The paper does not offer a great deal that is new, merely trawling through the broadband while avoiding any fixing of blame. But it is educative and takes a very neutral position on all issues.
It is part of Huawei's campaign to try and persuade Canberra to have a second look at its 5G status, hoping against hope that Scott Morrison - or some future prime minister - will give the ban on the company's participation in the rollout a second look.
Already, one telco, Optus, has made moves to offer 5G home Internet connections at a very reasonable price of $70 per month and a minimum subscription of two years. When iTWire last measured speeds on the Telstra 5G network, back in December, a top speed of 185Mpbs was achievable.
Those speeds are likely to have improved a great deal in the last six months despite the pandemic; Optus has also spread its 5G network far and wide.
But back to the Huawei discussion. While not traversing fresh ground, it did produce some worthwhile statistics relating to Australia's standing in the world when it comes to gigabit broadband - and, to put it mildly, the country's status is that of a pariah.
Huawei public relations manager Tony Brown and TelSoc president Professor Reg Coutts, a member of the Panel of Experts formed by the Rudd Government, to examine broadband options for Australia, addressed the webinar at which the paper was released..
The Gigabit Gap report raises the scenario that has come up time and again: that there will be lots of operators looking to cash in on the dissatisfaction with the NBN and grab customers from the ISPs who are reselling the NBN Co's product. That would make it even more difficult for a company that is looking to raise its average revenue per user in order to break even.
OMDIA consultant Stephen Myers, the author of the paper, says the NBN Co and the Federal Government are in a tight spot when it comes to upgrading the network.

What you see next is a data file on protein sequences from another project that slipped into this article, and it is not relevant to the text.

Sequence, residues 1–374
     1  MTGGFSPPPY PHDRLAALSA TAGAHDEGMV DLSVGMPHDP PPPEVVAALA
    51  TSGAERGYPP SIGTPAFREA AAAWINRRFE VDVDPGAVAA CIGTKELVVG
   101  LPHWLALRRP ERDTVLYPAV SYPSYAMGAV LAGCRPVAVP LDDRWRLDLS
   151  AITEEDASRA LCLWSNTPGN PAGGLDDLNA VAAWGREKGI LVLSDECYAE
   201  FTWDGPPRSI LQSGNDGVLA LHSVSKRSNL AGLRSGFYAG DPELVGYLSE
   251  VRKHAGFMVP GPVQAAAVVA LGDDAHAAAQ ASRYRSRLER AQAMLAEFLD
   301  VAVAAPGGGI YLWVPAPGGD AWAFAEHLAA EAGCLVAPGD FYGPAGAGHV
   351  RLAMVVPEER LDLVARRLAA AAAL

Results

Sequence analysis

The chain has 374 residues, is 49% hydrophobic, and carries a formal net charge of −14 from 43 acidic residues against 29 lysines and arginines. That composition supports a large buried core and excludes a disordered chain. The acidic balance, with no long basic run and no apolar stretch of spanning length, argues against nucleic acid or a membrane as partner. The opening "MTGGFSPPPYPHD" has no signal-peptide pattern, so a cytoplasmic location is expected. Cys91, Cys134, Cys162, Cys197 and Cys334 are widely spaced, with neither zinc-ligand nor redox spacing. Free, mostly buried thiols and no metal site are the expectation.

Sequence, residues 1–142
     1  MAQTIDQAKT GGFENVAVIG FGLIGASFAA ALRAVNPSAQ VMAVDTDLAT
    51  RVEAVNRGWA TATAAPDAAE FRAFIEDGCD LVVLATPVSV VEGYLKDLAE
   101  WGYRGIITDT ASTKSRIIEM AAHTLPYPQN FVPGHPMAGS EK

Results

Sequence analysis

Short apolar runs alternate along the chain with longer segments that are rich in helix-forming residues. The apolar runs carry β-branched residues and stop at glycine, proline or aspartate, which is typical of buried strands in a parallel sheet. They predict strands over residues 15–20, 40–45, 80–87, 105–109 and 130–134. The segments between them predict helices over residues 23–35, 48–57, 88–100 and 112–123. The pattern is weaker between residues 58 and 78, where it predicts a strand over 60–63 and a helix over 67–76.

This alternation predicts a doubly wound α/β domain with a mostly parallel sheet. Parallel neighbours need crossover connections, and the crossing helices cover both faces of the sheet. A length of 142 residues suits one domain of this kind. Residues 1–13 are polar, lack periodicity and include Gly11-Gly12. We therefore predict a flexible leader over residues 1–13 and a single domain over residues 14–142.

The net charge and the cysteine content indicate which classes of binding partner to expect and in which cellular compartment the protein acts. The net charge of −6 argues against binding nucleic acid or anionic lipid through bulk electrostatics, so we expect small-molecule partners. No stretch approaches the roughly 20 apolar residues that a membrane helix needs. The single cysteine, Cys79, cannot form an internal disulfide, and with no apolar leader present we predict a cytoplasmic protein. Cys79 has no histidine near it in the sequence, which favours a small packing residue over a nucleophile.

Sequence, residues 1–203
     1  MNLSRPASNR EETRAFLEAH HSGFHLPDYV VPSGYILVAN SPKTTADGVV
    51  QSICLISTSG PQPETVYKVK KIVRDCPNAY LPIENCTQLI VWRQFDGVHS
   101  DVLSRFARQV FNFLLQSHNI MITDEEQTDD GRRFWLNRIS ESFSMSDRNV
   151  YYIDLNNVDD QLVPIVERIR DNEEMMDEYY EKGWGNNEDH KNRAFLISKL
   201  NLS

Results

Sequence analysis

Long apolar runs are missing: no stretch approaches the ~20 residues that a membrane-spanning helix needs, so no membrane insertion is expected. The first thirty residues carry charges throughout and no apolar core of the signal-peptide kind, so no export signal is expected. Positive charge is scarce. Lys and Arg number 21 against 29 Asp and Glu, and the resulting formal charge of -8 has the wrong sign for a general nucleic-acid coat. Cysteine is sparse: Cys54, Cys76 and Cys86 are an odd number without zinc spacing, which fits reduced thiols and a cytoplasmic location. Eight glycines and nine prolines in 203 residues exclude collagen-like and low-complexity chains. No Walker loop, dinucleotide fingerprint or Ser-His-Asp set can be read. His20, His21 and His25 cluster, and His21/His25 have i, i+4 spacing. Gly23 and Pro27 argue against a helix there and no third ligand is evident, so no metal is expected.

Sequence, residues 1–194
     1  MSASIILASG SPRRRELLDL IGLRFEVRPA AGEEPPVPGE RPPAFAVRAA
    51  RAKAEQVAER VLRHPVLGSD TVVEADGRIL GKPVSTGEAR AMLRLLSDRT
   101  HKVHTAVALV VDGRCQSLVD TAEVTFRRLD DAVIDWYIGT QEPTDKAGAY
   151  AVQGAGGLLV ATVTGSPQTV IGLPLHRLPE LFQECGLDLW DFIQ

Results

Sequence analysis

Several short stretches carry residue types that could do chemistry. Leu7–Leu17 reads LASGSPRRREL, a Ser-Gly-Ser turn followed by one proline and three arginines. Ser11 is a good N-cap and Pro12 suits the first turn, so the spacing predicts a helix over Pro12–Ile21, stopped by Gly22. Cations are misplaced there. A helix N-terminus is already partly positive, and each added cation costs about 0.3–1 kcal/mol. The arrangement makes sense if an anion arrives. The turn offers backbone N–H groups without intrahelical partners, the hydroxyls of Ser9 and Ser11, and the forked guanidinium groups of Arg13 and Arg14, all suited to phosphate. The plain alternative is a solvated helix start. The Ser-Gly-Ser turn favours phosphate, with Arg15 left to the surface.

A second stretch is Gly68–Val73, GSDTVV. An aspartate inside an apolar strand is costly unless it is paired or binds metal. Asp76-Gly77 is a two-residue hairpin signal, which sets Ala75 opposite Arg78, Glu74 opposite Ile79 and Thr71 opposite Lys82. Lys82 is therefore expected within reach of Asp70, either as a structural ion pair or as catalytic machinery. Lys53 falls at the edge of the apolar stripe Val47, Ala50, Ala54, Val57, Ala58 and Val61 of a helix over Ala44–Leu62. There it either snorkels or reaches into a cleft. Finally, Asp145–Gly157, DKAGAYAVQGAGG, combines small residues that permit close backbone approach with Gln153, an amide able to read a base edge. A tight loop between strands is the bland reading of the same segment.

"Given its present pricing structure — with higher-speed plans substantially more expensive than mid-level plans — it is extremely hard for NBN Co to actually ever generate substantial market demand for those higher-speed services," he says.
"With little market demand for higher-speeds the NBN Co — given that the Federal Government has made it clear there will be 'no more handouts' — is clearly going to be extremely reticent about investing a further $7 billion to $10 billion to upgrade FttN to FttC if it cannot generate additional revenues from the upgrade.
"However, leaving the network in its current position is hard to justify, given that there is a clearly unacceptable divide between those on 1Gbps FttP connections and others on FttN lines that in many cases cannot even deliver 25Mbps."
Myers is of the opinions that while NBN Co has often argued that its services and those of 5G network operators are complementary, "there is little doubt that mobile network operators see under-served NBN areas – especially FttN areas – as ripe for the picking for high-speed 5G Fixed Wireless services".
"A game of cat and mouse over where and when an FttN upgrade may take place may help protect NBN from further competition from 5G Fixed Wireless but it does nothing to help those Australians that are stuck on low-speed FttN services.
"The last 10 years of building the NBN has put Australia into a much better position with 99% of premises now able to get a 25Mbps connection via NBN’s range of different technologies. However, whilst universal 25Mbps was a reasonable target in 2013 when the NBN changed design from FttP to FttN/HFC it is no longer a speed that can cater for the needs of many residential and business broadband users.
"That means that it is time for the Federal Government and NBN Co — whilst getting plaudits for completing the volume rollout — to now begin their plans for the next stage of the network upgrade."
Graphics: courtesy OMDIA/Huawei/TelSoc